If you're interested in fishing, register here, and be sure to check out the rules & regulations. If you'd like to sponsor the event, buy a t-shirt, or get any additional info, contact the Burkes.

Oh, and don't miss the colorful commentary going on over on the Headhunt blog. You'll be hooked!


Coulter vs. Maher vs. The Audience

Sparks flew last night at the Citi Center for the Performing Arts (f/k/a the Wang Theater), but not necessarily between to the featured guests, diametrically opposed political pundits Ann Coulter and Bill Maher.

Coulter v. maherIt was the Boston debut of MSG Engtertainment's “Speaker Series: The Minds That Move The World,” a timely production that looks at America’s current political landscape through the eyes of prominent political figures. Coulter and Maher kicked things off on Monday night with a show in New York at Radio City, and then hopped a plane to Boston for their 2nd of 3 nights (tonight was Chicago).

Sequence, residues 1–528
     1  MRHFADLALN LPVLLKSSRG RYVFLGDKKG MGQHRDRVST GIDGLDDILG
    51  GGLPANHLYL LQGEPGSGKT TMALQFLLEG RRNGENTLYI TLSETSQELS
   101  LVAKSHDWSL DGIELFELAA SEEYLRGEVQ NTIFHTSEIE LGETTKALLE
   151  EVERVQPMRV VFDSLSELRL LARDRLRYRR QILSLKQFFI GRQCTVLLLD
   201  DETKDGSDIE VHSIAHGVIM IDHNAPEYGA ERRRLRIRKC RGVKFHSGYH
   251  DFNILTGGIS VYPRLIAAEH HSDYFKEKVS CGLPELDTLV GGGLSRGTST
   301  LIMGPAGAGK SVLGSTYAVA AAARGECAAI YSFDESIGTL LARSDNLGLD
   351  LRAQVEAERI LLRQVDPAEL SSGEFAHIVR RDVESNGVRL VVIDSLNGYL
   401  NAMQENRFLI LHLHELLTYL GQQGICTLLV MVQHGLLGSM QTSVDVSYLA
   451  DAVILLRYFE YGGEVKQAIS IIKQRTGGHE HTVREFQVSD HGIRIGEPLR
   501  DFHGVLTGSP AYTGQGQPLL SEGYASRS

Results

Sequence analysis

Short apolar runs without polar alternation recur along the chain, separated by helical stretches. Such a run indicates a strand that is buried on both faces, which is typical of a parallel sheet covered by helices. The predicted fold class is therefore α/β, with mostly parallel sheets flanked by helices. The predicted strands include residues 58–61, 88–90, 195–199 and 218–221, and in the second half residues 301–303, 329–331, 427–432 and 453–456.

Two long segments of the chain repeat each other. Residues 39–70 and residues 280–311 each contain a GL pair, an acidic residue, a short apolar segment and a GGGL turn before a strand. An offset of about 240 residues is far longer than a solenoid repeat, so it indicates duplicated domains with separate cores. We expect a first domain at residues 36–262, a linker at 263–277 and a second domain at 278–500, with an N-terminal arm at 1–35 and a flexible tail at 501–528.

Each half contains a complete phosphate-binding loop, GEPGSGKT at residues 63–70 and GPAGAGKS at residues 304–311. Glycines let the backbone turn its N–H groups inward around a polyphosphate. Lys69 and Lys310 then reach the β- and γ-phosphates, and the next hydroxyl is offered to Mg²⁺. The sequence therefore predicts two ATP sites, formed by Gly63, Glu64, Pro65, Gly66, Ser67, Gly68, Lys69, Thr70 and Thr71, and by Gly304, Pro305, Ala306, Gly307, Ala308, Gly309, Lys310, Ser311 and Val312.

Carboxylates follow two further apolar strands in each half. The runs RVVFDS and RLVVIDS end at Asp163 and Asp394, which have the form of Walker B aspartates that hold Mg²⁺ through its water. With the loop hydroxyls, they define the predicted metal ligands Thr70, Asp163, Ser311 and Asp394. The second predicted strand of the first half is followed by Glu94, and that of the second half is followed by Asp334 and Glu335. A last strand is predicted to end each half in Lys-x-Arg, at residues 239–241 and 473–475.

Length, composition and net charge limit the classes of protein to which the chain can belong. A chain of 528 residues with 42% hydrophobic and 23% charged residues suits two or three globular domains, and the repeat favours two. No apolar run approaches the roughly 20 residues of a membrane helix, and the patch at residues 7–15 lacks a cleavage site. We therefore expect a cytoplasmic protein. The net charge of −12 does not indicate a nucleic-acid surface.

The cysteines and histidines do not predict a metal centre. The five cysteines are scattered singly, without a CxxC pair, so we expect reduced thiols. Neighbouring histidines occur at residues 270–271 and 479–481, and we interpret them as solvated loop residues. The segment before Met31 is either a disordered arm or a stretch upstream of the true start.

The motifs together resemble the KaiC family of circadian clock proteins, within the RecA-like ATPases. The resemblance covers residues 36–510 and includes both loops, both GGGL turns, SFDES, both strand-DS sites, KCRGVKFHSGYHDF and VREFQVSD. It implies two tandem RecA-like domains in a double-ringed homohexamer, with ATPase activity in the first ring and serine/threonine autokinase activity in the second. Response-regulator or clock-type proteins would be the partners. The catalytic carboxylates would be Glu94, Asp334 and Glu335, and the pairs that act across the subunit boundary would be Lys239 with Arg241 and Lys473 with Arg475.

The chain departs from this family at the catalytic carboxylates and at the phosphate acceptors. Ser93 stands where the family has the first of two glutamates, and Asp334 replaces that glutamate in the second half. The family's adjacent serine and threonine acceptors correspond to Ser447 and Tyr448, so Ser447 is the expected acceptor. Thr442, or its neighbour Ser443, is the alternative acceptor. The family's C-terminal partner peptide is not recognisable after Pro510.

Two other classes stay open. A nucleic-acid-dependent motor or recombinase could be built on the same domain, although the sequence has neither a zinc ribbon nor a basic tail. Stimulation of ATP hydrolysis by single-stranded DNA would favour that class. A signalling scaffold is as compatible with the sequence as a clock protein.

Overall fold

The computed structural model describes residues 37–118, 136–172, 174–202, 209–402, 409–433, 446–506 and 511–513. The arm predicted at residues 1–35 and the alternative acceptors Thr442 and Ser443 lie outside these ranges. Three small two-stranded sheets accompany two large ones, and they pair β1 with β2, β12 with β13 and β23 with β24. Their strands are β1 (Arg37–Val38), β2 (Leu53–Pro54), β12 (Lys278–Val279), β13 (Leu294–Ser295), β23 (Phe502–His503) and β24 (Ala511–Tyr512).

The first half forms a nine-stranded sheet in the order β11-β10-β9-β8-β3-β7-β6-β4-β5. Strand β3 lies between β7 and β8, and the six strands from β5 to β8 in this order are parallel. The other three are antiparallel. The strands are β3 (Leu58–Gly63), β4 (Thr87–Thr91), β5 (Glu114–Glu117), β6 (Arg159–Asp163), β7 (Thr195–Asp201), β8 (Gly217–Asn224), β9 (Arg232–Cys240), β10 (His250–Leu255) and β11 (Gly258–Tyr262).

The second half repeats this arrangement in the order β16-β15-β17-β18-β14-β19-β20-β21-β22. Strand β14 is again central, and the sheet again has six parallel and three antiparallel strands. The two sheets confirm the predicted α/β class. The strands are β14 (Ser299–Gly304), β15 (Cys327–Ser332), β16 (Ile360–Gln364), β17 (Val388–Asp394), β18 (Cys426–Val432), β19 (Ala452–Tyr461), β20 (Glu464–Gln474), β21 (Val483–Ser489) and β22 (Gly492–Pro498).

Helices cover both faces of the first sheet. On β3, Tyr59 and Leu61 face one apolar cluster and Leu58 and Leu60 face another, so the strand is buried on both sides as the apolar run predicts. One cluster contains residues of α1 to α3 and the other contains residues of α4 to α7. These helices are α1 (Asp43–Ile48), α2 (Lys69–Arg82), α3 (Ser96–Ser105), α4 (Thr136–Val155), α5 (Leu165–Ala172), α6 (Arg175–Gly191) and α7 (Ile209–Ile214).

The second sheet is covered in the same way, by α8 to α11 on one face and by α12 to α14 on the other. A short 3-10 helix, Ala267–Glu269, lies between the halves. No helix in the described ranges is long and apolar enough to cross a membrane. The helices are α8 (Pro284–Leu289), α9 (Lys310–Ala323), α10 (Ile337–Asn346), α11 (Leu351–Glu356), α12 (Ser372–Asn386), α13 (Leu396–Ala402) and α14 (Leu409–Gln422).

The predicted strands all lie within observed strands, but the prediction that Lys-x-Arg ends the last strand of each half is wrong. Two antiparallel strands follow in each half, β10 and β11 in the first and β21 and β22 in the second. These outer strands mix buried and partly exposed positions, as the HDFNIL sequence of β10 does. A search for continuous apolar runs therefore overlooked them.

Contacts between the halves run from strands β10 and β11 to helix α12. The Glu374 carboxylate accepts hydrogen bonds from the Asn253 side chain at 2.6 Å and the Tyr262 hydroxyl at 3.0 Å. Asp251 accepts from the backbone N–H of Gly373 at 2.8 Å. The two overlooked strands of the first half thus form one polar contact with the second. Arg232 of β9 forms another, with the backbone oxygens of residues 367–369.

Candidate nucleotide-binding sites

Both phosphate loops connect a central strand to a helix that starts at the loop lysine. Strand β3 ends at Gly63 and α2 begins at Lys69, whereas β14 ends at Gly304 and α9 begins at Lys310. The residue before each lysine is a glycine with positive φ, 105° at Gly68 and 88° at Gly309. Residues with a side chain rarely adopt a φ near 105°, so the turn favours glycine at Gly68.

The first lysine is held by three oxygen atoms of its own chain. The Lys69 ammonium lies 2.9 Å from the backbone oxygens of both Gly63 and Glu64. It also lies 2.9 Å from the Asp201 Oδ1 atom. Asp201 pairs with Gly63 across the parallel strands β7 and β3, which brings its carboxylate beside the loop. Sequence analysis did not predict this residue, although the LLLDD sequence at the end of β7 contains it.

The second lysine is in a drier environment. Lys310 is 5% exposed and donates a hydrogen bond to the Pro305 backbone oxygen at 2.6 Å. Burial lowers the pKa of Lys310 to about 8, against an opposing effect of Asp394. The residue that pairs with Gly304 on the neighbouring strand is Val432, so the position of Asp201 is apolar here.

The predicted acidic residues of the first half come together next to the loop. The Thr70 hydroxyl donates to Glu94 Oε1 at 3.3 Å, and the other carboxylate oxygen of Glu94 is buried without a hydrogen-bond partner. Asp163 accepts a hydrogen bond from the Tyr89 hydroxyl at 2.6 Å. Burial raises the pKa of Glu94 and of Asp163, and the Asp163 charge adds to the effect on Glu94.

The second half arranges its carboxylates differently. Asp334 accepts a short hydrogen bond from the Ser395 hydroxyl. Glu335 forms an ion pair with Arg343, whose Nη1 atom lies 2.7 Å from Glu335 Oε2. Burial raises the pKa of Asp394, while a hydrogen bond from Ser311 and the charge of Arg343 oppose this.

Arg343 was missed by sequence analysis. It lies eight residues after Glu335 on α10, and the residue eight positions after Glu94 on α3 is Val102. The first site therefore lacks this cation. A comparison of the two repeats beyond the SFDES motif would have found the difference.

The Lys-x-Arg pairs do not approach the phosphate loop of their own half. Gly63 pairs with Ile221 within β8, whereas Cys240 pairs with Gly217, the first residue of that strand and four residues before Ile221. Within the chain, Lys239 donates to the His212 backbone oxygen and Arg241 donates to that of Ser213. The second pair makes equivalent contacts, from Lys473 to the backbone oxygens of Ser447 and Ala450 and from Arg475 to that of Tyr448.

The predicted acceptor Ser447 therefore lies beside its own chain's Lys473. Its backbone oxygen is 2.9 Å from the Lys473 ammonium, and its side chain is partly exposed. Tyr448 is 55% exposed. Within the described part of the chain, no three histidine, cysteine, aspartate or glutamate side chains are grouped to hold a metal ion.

We were uncertain of what to expect, but imagined there would be some good-natured ribbing, if not outright controversy, between the liberal Maher and conservative Coulter. What transpired was actually a rather cordial exchange, with each getting 15 minutes to themselves to share perspectives on the current political state, and then joining together to counter each other's comments. There was the expected Obama-bashing and Bush ridicule, and a few inflamatory remarks thrown in for good measure, but in all, nothing out of the ordinairy if you've seen these two before.

The real controversy came from the audience - a raucous crowd that proved to be more incendiary and outspoken than Coulter or Maher ever was.